Welcome to the ADA Distance Learning series hosted by your regional Disability and Business Technical Assistance Center. We are sorry for the late start this afternoon, it seems that we had a traffic jam with everybody calling in at the same time. So, we are catching up. We are excited to have all of you joining us this month as we are going to talk about the Application of the ADA to Temporary Employment. Joining us today is Adele Rapport of the Detroit office of EEOC, hi Adele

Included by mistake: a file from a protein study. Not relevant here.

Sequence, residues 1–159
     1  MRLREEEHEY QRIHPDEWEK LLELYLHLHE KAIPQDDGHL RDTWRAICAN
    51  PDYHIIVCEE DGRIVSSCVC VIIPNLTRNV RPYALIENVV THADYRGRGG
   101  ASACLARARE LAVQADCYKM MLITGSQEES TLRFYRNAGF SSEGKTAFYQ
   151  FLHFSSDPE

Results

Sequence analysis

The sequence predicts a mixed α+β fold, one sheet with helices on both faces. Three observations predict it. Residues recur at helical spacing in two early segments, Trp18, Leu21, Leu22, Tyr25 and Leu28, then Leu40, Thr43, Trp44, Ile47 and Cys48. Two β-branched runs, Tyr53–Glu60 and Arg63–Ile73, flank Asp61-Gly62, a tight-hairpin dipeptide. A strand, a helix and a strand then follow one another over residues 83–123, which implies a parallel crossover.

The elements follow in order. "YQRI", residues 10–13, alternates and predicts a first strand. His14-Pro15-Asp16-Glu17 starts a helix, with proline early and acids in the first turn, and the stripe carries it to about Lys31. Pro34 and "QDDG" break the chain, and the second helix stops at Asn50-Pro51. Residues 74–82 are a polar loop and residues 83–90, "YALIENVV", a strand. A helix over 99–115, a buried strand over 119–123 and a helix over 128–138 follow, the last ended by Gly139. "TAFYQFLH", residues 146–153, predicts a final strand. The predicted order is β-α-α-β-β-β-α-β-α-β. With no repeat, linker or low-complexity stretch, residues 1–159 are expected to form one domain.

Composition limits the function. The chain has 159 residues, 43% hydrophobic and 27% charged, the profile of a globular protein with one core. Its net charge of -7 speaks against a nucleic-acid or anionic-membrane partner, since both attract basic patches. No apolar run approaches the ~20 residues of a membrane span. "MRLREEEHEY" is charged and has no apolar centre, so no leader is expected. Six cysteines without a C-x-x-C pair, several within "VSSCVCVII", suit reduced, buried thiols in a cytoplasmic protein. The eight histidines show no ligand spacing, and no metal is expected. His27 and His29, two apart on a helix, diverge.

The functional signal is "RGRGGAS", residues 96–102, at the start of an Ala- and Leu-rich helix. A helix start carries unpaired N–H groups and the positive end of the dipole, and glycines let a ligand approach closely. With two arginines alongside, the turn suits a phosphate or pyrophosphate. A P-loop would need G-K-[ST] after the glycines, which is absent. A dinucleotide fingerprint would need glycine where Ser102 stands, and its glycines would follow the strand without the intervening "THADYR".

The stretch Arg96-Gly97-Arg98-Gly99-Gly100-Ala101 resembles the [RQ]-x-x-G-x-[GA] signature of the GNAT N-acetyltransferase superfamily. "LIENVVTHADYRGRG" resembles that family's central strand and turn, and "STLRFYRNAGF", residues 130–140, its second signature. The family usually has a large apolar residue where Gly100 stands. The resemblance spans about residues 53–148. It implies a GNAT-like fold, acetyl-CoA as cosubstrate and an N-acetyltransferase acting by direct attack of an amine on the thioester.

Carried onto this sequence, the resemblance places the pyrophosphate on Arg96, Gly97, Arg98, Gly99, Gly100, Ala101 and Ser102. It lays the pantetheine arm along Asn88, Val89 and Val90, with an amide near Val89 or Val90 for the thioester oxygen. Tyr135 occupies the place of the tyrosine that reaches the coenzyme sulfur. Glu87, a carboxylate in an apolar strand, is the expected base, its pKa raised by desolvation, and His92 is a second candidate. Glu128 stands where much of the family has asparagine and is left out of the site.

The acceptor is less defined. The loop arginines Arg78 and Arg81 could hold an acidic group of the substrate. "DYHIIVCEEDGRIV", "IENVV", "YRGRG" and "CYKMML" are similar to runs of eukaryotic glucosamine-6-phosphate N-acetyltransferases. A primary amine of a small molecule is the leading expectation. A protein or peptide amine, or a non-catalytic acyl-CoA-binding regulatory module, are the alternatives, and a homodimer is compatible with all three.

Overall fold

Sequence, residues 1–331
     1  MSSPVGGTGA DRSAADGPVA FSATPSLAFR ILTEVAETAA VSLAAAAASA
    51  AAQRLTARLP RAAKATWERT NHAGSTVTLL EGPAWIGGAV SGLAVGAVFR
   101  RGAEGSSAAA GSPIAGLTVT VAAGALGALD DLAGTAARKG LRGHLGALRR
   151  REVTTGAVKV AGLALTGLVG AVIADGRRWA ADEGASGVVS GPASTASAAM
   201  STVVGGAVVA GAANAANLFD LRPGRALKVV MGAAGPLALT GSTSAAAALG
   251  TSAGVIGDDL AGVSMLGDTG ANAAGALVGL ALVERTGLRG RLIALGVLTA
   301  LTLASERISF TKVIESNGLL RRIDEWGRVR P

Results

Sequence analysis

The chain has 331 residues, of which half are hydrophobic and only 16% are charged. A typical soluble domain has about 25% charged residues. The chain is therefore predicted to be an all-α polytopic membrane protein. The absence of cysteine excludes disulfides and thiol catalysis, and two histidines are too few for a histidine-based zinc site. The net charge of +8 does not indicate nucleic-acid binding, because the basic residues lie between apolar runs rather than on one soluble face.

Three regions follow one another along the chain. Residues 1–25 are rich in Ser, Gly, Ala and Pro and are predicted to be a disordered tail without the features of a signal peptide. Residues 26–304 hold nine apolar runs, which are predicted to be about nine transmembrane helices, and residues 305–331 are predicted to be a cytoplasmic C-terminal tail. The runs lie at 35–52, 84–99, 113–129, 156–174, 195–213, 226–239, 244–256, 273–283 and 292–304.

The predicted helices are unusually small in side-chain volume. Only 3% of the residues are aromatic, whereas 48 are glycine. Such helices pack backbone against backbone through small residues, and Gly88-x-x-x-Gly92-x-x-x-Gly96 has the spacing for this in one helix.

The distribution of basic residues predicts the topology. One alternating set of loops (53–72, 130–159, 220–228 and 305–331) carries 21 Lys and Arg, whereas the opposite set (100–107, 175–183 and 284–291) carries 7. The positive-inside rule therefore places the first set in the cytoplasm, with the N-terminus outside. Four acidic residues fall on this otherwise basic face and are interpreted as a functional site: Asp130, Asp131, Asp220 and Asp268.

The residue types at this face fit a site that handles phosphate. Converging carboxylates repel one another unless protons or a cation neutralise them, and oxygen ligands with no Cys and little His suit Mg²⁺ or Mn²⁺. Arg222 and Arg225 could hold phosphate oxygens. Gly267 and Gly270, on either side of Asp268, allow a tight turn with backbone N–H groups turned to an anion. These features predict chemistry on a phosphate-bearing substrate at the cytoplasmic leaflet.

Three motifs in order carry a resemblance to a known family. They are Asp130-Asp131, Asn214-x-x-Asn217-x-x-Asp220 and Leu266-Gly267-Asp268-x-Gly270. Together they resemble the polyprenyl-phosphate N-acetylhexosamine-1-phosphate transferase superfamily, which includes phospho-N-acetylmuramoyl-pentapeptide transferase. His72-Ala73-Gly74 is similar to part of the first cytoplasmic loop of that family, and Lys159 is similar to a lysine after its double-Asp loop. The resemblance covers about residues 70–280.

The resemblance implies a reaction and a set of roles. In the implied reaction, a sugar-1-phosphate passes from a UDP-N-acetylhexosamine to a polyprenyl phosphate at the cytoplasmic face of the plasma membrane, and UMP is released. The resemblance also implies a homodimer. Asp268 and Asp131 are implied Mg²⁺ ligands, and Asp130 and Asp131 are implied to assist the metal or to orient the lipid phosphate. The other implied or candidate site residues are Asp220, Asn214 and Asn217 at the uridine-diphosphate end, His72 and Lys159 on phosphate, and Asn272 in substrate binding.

Thanks so much for joining us today, I hope the weather is a little bit warmer up there, starting to warm up. We are excited to have you with us today because the application of Title I to temporary employment or where businesses might use leased or contingent workers can sometimes be an awkward situation. We are happy to have you with us to answer some of the questions we often get. We often get questions like who is responsible for providing reasonable accommodation, the staffing agency or the client? Where should the request initiate? And what happens to the in circumstances of short term employment?. So we are glad that you can join us. For those of you that might be interested this session is currently being captioned on the Great Lakes web site, www.adagreatlakes.org where you can submit questions on line as well. With that said I''m going to turn it over to you, Adele, if you could talk to us a little bit about temporary employment and the application of the ADA. And also since we do have your EEOC expertise with us today, we are hoping you can talk a little bit about the recent Supreme Court decision in U.S. Air v. Barnett. With that I will turn it over to you.